Most successful writers are not loners. Writers do need time alone to think and create, and a certain amount of solitude is an absolute requirement. However, the power of a community in a writer’s corner is just as important. In person and online, a writing community offers encouragement, support, perspective and an opportunity to learn together. Connecting with other writers can also lead to opportunities for collaboration and cross-promotion. Connecting with your writing community really pays off.
Network in Person
The library is a fantastic place to connect with other writers, established authors, publishers and editors. If you want to build a writers group or make friends who share your interest in writing, workshops or author events are a great place to start.
Your next opportunity to connect in person is Sat, Dec 7, 10am – 1pm, at Great Writers Right Here. Meet representatives from publishers and presses, literary magazines, writers groups, and more than 40 published authors. Ask questions, exchange social media handles and business cards, and learn about opportunities to collaborate, submit and connect in your region. Watch Library News and our Facebook page for more opportunities to connect at the library.
Check out SpeakEasy Poets for a long-running open mic opportunity in Topeka. Share your own poetry or just show up to listen to and support others. Connect up with the Kansas Authors Club for access to a network of engaged writers and published authors. KAC is one of the oldest writing groups in the country. They meet at the library every month. Many KAC events are open to the public and membership in the group offers even more benefits.
Make Your Pitch
When you attend events be ready with a pitch. What’s your writing about? What are your goals? What do you bring to the table as an editor or writer for those who want to trade work? Creating bookmarks or business cards to exchange is a great way to share your contact info and it’s another way to make a memorable impression. Check out Dr. David Price’s tips for a memorable pitch to get started crafting yours.
If you’re ready to start a writing group, the library is a great place to meet. Our team rooms are the perfect space for up to six people to gather and share their work. Check out poet Leah Sewell’s tips for leading or participating in a writers group here.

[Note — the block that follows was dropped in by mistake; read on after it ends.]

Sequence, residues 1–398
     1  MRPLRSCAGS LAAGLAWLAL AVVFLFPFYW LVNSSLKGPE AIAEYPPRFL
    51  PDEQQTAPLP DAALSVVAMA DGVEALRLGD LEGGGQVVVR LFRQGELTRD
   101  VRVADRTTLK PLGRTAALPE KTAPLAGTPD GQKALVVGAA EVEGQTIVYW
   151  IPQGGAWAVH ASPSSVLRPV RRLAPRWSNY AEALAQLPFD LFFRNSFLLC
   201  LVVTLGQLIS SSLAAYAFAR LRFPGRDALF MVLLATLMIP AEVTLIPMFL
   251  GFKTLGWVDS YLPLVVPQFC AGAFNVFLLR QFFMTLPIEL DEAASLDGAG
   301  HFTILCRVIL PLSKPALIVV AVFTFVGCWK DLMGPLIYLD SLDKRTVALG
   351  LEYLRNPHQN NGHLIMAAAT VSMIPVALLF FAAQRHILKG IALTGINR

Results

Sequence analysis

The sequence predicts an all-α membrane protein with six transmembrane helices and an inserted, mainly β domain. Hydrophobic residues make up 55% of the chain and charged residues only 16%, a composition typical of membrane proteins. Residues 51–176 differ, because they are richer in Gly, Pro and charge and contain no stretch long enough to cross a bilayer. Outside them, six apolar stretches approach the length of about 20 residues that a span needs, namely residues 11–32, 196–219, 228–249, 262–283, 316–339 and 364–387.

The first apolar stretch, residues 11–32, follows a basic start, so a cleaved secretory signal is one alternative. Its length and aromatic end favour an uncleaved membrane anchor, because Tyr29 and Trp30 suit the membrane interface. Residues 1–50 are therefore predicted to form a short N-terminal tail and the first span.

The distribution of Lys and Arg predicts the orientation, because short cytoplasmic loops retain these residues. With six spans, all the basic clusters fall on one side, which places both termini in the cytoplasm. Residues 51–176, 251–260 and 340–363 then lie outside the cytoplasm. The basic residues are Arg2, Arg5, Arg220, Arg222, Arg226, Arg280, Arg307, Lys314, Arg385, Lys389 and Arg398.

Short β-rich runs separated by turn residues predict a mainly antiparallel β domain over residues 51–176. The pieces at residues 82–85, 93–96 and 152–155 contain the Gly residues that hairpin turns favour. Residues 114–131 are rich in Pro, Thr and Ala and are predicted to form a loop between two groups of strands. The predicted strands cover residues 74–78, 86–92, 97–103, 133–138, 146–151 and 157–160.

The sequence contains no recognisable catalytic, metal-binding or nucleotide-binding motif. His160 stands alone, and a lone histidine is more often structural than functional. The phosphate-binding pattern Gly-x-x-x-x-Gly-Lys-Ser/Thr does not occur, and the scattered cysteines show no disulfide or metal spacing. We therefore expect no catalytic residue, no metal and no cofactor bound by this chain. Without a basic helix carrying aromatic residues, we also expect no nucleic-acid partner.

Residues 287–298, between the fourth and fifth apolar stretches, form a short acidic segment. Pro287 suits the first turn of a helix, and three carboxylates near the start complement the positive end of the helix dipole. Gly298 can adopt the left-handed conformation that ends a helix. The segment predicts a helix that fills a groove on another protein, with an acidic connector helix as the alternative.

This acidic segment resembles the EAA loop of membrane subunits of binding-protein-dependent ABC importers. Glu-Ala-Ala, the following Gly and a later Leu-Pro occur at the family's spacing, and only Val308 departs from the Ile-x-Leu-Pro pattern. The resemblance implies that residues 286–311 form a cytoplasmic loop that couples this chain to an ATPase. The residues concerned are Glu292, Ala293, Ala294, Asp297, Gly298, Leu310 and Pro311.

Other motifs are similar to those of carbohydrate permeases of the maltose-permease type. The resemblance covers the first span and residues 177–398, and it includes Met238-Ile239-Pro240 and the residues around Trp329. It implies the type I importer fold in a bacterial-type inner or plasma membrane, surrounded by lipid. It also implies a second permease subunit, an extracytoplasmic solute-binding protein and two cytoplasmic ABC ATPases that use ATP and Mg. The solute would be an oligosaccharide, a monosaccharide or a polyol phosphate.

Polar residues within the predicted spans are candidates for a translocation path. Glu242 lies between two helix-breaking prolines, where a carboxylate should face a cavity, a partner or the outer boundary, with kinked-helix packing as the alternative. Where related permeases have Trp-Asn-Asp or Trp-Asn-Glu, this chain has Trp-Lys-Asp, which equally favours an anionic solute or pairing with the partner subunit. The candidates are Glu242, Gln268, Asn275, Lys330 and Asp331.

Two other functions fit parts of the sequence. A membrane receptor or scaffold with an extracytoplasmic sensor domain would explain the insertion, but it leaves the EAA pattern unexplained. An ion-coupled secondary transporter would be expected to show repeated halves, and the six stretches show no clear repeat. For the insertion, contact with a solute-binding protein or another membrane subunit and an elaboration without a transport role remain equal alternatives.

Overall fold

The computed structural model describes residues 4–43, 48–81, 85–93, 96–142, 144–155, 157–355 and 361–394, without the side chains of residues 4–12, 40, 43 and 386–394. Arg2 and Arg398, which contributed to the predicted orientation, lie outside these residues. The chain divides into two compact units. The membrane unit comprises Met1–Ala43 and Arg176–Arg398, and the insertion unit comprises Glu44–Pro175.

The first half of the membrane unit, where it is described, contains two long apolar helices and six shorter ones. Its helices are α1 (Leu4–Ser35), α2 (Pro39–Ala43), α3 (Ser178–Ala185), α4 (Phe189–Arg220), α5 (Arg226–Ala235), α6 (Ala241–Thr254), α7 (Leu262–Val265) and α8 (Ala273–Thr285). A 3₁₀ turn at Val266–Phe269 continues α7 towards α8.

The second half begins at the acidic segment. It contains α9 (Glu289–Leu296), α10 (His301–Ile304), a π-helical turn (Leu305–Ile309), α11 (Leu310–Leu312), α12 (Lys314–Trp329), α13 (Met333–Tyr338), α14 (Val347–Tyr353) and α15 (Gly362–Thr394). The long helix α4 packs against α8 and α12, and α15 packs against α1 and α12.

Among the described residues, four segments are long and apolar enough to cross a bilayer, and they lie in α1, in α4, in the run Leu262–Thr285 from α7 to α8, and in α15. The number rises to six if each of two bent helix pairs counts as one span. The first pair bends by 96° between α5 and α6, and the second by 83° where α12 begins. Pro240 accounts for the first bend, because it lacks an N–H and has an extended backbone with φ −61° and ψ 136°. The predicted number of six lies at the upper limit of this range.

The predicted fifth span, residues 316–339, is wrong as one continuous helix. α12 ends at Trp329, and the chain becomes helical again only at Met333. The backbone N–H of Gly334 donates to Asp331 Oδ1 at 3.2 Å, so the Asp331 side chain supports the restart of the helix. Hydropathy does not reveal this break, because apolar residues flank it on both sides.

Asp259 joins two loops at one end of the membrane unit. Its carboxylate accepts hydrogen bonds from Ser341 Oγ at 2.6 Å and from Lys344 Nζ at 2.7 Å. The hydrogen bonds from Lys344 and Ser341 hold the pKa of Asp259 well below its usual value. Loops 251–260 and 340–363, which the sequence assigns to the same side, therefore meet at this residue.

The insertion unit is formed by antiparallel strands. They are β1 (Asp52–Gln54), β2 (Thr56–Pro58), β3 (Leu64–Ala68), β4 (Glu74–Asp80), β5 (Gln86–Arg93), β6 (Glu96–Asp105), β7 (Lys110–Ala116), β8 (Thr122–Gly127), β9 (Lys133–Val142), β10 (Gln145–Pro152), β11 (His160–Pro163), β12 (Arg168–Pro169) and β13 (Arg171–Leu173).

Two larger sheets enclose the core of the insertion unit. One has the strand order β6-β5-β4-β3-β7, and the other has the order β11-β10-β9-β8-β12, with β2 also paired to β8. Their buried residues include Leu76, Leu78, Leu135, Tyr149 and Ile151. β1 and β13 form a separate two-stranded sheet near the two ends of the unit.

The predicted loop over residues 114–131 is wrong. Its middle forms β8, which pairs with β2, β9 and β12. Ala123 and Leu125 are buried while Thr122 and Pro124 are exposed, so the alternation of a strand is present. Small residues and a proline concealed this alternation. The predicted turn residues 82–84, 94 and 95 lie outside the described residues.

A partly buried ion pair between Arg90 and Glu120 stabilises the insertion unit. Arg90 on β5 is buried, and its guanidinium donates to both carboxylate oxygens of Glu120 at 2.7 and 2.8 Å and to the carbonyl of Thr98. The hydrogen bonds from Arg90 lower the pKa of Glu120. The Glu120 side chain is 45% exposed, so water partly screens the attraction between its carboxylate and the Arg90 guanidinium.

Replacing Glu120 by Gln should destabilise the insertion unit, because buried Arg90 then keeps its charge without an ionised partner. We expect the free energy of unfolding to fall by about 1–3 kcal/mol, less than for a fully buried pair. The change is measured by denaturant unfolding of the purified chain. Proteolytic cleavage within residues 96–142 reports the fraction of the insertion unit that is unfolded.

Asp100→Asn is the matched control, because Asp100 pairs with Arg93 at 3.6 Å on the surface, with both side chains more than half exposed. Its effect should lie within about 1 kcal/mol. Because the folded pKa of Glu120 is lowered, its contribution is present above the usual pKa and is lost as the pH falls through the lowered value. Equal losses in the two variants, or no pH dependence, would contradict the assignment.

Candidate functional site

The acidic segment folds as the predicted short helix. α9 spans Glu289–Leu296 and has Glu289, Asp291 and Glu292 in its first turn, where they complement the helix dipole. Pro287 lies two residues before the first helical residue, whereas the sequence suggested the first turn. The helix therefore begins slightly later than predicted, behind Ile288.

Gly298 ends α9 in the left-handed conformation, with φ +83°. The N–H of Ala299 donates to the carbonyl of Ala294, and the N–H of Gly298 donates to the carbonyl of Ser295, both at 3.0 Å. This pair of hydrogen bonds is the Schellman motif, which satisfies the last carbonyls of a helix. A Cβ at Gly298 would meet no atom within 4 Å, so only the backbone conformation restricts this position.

Social media offers some real advantages for writers. You can connect any time and it’s free to connect with writers in your own town or around the world. The platform that will offer you the most benefit depends on who you’re writing for and who you are trying to reach. Explore Facebook, Twitter and Instagram to see how the writing community is represented in each platform and how writers interact with each other.
I recommend joining the Facebook group Topeka Wrimos–50,000 Words in 30 Days. While the group was formed for NaNoWriMo support, it’s a good place to find support year round and connect with other passionate writers. SpeakEasy Poets, mentioned above, has an active online community in addition to in-person events.
Twitter offers an active writing community ranging from novice to bestselling writers. However, if you don’t know how to use Twitter, getting started can feel overwhelming. Start by following a few writers you admire. Pay attention to the trending hashtags used by the writing community. Offer other writers support, ask questions or share feedback when a writer you follow releases new work.
Build Your Brand
Interacting online means a certain amount of building your brand. If someone views your profile or feed, what will they see? Your photo, bio and the content you share say a lot about who you are. Mikki Burcher, social media guru, notes that you need to add value for your followers – share content that’s valuable to them. In a 2016 workshop at the library, she recommended that for every six pieces of content shared, four pieces should be content relevant to the reader (articles, useful information), one post should promote your work directly, and one should promote someone else or share their post. See more of Mikki Burcher’s tips on branding and social media.
How do you connect with other writers? Do you know of a writing group open to the public that you want to share with other writers? Let us know in the comments.